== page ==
SNTP Clock Project History

      The SNTP (Simple Network Time Protocol) Clock project was completed in mid 2011. Four units were built — two with blue displays, one with a green display, and one with a red display.

SNTP Clock Project Abstract

      I needed a clock for my AV cabinet — as there was no conveniently visible clock in my media room. I wanted it to have the following features:       I spent many hours searching high and low to purchase something like this (or even close), with no results. Sometimes, if you can't buy what you want, you must build it yourself.

      The clock is based on an Atmel AVR ATmega168 microcontroller (16K flash, 1K RAM, 512 bytes EEPROM) running at 10MHz. It handles time keeping, display driving/multiplexing, the IR interface, and command processing. It is the only digital IC in the design. The network interface is accomplished with a Lantronix Xport connected to the AVR. The blue displays came from a Chinese electronics supplier via eBay (~$25 for 20 pieces, shipped!).

      The software was written entirely in C using GCC for AVR. It uses interrupts to keep time and to drive the seven-segment displays, as well as to deal with serial data to and from the Xport. Decoding the IR remote is also handled with interrupts. The "main()" loop is only used to process IR commands and to generate menus on the seven-segment displays. The code takes-up about 11K of flash and uses about 540 bytes of RAM.

      The software has a command processor for manually controlling the clock via network (or direct serial connection). It provides basic debug functions like read/write memory, dump memory, display software version, etc. It also has clock specific commands for adjusting brightness, setting the display format, turning the colons on and off, and dumping raw IR data from the Apple remote. Click here to see the full list of commands. Click the video link to see some of the commands in action.

      On power-up, the AVR requests the time from one of three predetermined SNTP servers, whose IP addresses are stored in EEPROM. If one server is unreachable, the software will cycle through all three servers until the time is obtained. The rightmost decimal point is illuminated during this process to indicate that the clock is attempting to synchronize. After the initial synchronization, the clock will synchronize once per day at a predetermined time that is stored in EEPROM (I prefer the early morning hours so that I won't see it adjust). Left unsynchronized, the clock gains about 1/2 second a day.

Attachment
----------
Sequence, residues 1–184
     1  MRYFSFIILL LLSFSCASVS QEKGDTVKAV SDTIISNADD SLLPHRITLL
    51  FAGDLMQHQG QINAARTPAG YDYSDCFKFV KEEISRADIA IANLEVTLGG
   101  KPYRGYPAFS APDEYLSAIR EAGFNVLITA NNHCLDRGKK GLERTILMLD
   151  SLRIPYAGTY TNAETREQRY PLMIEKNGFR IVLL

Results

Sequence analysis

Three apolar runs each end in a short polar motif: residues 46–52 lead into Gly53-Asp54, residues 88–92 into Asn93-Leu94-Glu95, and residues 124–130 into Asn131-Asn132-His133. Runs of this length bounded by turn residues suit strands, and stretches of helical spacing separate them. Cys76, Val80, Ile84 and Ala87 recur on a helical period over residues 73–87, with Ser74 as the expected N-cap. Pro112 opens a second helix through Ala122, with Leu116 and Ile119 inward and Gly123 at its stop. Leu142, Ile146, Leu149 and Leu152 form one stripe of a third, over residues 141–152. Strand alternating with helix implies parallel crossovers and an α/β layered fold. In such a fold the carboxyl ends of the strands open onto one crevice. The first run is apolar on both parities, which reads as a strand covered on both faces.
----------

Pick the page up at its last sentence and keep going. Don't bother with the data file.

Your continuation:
The IR remote (Apple remote) is used to control the clock in the absence of a network connection. The remote can be paired with the clock — which is important since the clock resides in the same cabinet as an AppleTV (don't want one to interfere with the other). Pressing the "menu" button on the remote cycles through menus that are displayed on the clock's seven-segment displays. The menu sequence is listed below. Click here for a video demonstration of the menu system.
      In software, the IR receiver triggers an interrupt that decodes the IR data. That data, if valid, is stored for the "main" loop to process. Invalid data (i.e. from a non-Apple remote) is ignored.

      The PCB is a two layer, 0.062" thick board measuring 8.12" x 2.25". They were made by Advanced Circuits — about $140 for five pieces in five days with plated through-holes plus soldermask and silkscreen on both sides. A PDF of the artwork is available below.

      As noted above, one of my requirements was that the clock must have a finished, professional appearance that blends well with neighboring AV equipment. Since I don't have the tools or the skills to make such an enclosure myself, I had to look elsewhere. A Bud or Pactec style project box simply would not be acceptable.

      I decided to have the enclosure made from a picture frame. Who better to cut perfect angles in metal frames than a picture frame shop? I visited seven local frame shops before I found one that could make a piece smaller than about 4" (for the sides). The frame goes together with standard framing hardware that I cut and re-tapped for the short sides. A smoked plexiglass front panel hides everything that isn't illuminated.

PCBA front
PCBA back
Ready for assembly
Clock back
Clock front
RGB clocks

SNTP Clock resources

Title Size
Download schematic and BOM 3 pages, 70K
Download PCB artwork 5 pages, 570K
Download Apple remote protocol & notes 1 page, 30K